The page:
Social media drives convergence, adding two-way interaction throughout the corporate communication model. Lambert describes social media as a double-edged sword: on one hand it speeds up the organisational clock, provides metrics for measuring the impact and effectiveness of messaging, integrates different activities and fosters innovation. The downside is distraction, dependence, bullying, hacking, misinformation and malevolent dysfunctional targeting. Effective communication therefore requires the management team to be on top of technological developments and engage with their staff online.
Communication management is a subset of managing relationships, observed Lambert, and the biggest challenge to internal comms is that everyone is focused on their own agenda and career. Overcoming this means focusing on team, group and organisational dynamics and behaviours.
Relationships are based on trust, which is the key to relationship management, inclusivity and co-creation and collaboration and organisational effectiveness.
Digital transformation provides useful metrics for organisations to measure their processes, and their employees but they also facilitate revelations and review by external bodies.
In today’s rapid online environment, there is no hiding place for misbehaviour within organisations. Lambert highlighted news stories including former Uber CEO Travis Kalanick’s departure following revelations about the company’s toxic culture and current cases relating to bullying and sexual misconduct in professional services firms. Effective communication is impossible without addressing cultural and behavioural issues which undermine trust in the organisation.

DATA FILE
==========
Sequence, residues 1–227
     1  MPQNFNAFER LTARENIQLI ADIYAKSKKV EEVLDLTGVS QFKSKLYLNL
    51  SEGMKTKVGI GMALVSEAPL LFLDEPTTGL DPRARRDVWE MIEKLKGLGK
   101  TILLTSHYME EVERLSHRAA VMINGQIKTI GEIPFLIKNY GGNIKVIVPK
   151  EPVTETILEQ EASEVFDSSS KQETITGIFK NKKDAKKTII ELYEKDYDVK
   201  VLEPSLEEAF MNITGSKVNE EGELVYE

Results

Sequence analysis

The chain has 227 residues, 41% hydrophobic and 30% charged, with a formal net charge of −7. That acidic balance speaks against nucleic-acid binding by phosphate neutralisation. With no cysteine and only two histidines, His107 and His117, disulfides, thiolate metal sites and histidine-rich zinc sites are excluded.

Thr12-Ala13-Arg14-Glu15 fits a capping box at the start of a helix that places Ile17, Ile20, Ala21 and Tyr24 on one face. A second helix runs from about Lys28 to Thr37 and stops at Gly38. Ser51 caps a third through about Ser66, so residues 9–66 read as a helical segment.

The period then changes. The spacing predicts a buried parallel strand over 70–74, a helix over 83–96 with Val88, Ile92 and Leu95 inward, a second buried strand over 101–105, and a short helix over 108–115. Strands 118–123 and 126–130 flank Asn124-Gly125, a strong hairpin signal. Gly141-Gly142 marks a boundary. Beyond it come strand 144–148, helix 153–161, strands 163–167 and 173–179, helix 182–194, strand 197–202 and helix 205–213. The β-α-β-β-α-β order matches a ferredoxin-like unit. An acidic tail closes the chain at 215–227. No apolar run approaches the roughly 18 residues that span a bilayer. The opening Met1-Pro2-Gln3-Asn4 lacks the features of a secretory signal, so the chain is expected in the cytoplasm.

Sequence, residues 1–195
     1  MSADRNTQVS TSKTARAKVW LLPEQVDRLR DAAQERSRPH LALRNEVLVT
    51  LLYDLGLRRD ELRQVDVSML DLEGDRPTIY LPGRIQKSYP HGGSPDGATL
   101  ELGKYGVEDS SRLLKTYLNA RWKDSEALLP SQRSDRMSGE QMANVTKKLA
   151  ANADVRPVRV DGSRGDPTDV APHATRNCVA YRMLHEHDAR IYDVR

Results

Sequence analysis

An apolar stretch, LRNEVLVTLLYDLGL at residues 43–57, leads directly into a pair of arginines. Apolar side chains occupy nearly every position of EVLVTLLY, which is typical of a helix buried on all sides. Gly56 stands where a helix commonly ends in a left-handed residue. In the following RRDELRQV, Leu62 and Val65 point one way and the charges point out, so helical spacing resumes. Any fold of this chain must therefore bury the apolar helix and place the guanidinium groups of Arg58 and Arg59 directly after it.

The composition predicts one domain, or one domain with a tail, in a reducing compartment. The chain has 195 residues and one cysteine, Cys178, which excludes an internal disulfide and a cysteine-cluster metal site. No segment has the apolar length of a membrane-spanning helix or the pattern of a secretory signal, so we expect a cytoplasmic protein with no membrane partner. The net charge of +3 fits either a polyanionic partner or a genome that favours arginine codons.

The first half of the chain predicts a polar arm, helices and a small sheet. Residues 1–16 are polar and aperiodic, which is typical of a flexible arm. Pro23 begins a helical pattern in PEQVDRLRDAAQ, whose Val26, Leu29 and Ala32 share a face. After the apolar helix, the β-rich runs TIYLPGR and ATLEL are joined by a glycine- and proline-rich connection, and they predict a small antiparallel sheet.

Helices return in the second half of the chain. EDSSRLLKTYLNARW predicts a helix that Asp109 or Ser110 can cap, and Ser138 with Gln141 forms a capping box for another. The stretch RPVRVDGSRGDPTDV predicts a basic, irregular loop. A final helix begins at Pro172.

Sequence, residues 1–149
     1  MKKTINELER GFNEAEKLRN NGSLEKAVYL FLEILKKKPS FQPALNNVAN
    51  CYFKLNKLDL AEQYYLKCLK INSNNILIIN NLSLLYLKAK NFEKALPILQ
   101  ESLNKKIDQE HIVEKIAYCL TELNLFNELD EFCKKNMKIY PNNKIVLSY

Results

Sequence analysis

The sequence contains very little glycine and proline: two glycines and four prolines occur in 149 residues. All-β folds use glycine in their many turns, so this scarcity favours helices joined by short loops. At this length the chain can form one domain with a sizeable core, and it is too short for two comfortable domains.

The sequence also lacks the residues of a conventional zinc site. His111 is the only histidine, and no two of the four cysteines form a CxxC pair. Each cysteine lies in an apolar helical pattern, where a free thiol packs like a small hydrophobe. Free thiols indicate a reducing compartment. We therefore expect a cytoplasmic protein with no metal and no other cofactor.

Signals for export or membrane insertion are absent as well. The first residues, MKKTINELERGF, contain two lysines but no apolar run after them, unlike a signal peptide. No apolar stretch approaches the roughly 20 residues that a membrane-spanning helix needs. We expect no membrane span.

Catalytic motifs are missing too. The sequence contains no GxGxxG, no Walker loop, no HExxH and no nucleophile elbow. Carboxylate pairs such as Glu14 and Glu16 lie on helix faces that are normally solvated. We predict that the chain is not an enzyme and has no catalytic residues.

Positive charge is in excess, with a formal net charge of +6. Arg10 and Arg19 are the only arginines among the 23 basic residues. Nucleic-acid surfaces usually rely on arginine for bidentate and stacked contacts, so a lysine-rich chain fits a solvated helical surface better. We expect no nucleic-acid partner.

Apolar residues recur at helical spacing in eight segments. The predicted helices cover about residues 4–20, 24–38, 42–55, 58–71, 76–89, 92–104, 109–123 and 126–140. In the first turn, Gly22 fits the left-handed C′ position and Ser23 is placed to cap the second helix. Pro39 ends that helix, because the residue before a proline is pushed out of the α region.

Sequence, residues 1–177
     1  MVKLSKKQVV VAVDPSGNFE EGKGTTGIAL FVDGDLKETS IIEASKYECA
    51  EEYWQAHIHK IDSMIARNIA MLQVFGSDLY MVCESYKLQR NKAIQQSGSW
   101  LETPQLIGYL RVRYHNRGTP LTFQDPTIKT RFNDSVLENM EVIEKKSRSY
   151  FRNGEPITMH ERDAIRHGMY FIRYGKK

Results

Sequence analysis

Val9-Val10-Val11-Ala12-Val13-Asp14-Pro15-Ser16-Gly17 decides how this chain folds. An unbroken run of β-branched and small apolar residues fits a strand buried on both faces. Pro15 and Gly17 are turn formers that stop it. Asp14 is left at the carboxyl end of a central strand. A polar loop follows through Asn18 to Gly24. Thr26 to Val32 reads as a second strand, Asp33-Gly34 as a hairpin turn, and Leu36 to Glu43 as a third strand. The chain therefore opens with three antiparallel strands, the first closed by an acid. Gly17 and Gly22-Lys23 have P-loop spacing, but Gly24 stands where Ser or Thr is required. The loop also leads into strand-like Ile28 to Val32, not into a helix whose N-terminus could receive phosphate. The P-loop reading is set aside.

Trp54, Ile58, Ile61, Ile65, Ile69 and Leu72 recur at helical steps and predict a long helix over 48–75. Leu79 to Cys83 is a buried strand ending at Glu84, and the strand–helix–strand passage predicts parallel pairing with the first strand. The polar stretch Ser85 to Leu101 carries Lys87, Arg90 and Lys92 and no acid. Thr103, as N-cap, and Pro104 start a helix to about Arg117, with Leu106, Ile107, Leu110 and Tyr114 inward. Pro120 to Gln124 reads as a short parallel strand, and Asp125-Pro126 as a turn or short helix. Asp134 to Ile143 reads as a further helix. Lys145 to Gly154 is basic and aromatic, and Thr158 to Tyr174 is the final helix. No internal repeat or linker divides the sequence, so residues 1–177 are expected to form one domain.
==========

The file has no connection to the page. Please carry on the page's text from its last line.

Everyone in the organisation needs to understand their responsibility for its culture: leaders, managers, team leaders, central functions including communications as well as employees and contractors, including people who work remotely. While firms can monitor activities, culture is about shared discipline rather than enforcing rules. So, it makes sense for organisations to involve their staff in developing social media polices, for example.
Inspiring and engaging leaders are role models for the organisation. Organisations need to consider the extent to which the top team is working together – professional services partnerships have a broader model, but they still need to avoid silos and microcultures.
Another framework for communication capability reflected the corporate ‘iceberg’ model where behaviours (above the surface) reflect organisational values and beliefs (below the water line).
These principles need to be delivered by integrated corporate functions with aligned communication practices. Technology supports relationships with real-time communication flows; networking and collaboration platforms; triangulated measurement – i.e. using data from different sources. Personalisation is more complex. When it is well-designed it encourages engagement, but the danger is using personalisation for control – i.e. too much personalisation or measurement feels intrusive and can undermine employee/customer trust. But recognition is critical as it underpins employee engagement.
Hardie added that in law firms in particular the internal comms function is often seen as the centre of corporate messaging and firmwide meetings, but it has to go further. Importantly, leaders have to know what good looks like. They recognise the importance of a strong communications culture, but do they know what steps they have to take to get there?
Lambert’s starting point is a checklist of ‘absolute essentials’:
The discussion was opened up to delegates from different professional services firms. Topics raised included maintaining a communication culture during international expansion, post-merger cultural integration, and big picture messaging.